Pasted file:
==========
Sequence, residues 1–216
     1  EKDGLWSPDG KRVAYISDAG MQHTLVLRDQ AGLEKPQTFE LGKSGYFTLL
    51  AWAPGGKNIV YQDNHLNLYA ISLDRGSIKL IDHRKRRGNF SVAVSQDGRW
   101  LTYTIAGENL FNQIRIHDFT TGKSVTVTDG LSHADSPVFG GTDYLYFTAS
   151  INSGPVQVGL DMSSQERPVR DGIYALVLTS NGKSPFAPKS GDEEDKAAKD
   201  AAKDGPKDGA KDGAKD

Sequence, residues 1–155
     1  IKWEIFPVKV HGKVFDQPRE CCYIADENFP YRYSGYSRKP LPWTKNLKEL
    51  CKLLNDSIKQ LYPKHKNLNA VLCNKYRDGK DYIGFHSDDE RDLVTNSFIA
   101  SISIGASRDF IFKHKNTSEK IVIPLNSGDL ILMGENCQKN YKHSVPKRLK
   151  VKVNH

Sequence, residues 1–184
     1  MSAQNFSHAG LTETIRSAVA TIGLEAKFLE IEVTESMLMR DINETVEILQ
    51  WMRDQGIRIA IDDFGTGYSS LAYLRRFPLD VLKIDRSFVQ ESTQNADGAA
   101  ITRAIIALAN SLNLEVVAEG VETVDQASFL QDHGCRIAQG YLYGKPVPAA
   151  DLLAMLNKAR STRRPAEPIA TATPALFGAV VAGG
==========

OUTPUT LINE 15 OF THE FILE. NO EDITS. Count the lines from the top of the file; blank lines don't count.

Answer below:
   101  ITRAIIALAN SLNLEVVAEG VETVDQASFL QDHGCRIAQG YLYGKPVPAA